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November 1, 2016

Five Divine Lessons from my Divorce.

Author's own, not for reuse

 

My divorce was divine.

Not in the delightful sense, but in the raw, soul-exposing kind of way.

When I knew my marriage was ending, one of the hardest things to overcome was accepting that my current reality didn’t match the story I had played out in my mind for so many years. This wasn’t how it was supposed to turn out. “How did I get here?” and “Now what?” were questions I could not stop obsessing over.

Going through a separation is one of the most difficult life changes. My heart broke for our young daughter, whose life was forever changed in that moment. But something shifted when I decided to let this experience change me for the better.

I got curious about what this experience was here to teach me.

Here are five spiritual lessons I learned from my life-altering divorce:

1. We are Not Alone. 

Kind of ironic considering my partnership had ended, but when I fully surrendered, I was able to tap into the energy of a force greater than myself. With so many unknowns ahead, I wanted desperately to control the outcomes. But I had to learn to let it go and let things unfold as they were meant to. It was this unwavering knowing that I was being guided and looked after that carried me through.

A Course in Miracles has a quote, “If you knew who walked beside you on the path you have chosen, fear would be impossible.” I wrote this on a post-it note so I could read it every morning and remind myself that I was truly supported in this whole experience of moving forward. This awareness allowed me to face each day with a little more comfort and confidence.

2. Our Soul is Calling.

A crisis in life is an opportunity to turn inward. Our soul is calling our name. It wants us to attend to those parts of ourselves that were dismissed or ignored. Maybe it’s acts of self-care, reconnecting with friends, pursuing a life-long passion, or just spending some time in stillness, but I learned that the answers we seek are within us.

And when we tend to our soul, we begin to hear those answers loud and clear.

3. What we Focus on, we Find. 

There were so many things I didn’t want to happen—a court battle, judgement from family and friends, a damaged child, fear of the unknown. This seemed normal and reasonable for me to feel, and it was. But it wasn’t reasonable for me to stay there.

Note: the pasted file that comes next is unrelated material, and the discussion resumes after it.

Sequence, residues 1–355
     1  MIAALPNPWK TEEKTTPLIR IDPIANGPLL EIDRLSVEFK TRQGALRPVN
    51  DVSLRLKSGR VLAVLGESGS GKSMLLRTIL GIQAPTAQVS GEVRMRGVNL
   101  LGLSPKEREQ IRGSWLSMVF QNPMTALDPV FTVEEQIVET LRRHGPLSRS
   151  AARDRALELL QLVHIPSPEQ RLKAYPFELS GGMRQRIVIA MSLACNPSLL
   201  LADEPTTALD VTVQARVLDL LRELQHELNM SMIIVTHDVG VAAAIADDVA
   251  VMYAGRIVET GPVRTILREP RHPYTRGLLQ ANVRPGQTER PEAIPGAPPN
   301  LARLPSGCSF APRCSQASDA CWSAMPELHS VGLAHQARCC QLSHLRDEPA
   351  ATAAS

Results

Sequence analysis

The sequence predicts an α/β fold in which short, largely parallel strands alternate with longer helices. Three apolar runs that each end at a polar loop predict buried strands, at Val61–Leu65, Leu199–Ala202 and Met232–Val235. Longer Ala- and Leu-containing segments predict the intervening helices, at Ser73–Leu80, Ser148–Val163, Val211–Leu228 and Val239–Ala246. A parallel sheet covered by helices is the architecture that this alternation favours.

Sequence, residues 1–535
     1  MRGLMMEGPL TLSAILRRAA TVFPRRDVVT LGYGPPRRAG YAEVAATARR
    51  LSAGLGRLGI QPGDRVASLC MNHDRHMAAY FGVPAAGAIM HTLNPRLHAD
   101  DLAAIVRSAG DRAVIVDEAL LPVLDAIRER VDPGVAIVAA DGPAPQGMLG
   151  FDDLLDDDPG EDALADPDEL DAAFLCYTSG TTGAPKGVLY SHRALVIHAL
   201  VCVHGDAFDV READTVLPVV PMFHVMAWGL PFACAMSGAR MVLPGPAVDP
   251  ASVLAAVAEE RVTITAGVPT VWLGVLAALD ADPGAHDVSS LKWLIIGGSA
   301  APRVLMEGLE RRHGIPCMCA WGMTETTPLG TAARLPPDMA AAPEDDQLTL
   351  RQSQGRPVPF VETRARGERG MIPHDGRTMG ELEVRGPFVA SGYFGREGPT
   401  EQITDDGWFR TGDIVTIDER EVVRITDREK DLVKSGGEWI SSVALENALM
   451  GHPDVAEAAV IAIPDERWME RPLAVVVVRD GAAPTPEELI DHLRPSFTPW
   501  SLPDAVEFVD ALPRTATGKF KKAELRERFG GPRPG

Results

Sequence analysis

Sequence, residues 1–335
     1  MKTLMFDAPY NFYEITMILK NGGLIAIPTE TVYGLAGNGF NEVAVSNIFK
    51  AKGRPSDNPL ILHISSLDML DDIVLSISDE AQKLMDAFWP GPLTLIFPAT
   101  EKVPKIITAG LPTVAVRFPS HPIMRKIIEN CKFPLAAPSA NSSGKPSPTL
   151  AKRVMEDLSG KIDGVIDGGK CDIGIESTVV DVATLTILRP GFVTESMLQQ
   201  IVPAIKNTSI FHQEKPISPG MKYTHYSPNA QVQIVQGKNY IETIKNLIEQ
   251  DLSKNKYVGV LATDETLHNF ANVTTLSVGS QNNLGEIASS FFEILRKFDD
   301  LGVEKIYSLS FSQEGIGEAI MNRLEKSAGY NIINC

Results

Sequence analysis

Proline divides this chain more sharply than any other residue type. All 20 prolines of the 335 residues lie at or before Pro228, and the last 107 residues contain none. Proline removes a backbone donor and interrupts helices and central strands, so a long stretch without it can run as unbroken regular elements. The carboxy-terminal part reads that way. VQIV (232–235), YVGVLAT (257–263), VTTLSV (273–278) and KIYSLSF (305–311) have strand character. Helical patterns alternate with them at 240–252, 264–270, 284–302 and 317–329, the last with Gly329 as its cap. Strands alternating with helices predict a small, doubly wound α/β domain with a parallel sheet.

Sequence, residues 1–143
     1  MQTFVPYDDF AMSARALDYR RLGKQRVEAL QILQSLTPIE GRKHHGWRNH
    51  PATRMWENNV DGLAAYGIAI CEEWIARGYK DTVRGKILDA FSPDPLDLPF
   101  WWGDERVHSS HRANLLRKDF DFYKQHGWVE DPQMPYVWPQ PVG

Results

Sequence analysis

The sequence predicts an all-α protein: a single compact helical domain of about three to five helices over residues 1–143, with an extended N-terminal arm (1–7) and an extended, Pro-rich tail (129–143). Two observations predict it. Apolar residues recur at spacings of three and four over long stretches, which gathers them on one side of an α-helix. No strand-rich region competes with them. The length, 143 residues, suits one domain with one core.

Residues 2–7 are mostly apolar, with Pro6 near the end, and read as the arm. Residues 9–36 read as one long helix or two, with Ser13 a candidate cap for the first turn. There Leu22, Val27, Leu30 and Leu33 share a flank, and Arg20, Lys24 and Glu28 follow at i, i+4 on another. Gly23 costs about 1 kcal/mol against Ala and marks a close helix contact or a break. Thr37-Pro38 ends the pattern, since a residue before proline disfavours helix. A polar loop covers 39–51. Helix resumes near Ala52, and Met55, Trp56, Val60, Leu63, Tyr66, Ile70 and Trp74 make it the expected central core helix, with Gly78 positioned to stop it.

When I truly understood the concept of “you get what you focus on,” it was time to change my way of thinking. Instead of focusing on what I didn’t want, I chose to focus on what I did want, which was cohesive interaction and support. It was still the act of focusing, but now my thoughts were aimed at the opposite, positive emotion.

4. The Power of Forgiveness

This is a tough one. I was reluctant to forgive because I believed that doing so would dismiss the pain inflicted. I felt empowered by holding onto anger and blame, but by not forgiving, I was allowing the wounds of my past to create the same wounds in the present moment. I was handing over my control. It’s not about letting the other person off the hook—it’s about deciding that our peace is more important.

I learned that forgiveness is a process, and we have to be ready and willing to forgive. It’s a moment-to-moment choice, and slowly that wound will close up.

5. We Always Have a Choice

“My circumstances do not define me, they reveal who I have chosen to be.”—I absolutely love this quote from the late Wayne Dyer. I could have chosen to tell the story that I was the victim, holding onto anger and participating in the ongoing drama of keeping that story alive. But that’s not the person I wanted to be. I wanted my circumstances to reveal someone different. I had to take full ownership of my part in all of this. So I Instead chose to be a woman who got divorced and committed herself to living to her fullest potential and shining her light on this world. Because to me, those are the kind of circumstances I can be proud of.

These lessons did not come right away, and some were easier to learn than others, but I believe the moment we decide we are going to make an experience mean something more, the lessons don’t seem so far-reaching after all.

The story I had told myself for so many years finally came to an end. And I realized I could write a new one. The beauty in this is that we can also write ourselves a happy ending.

 

Author: Jodie Owen

Image: Author’s own.

Editor: Nicole Cameron

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Jodie Owen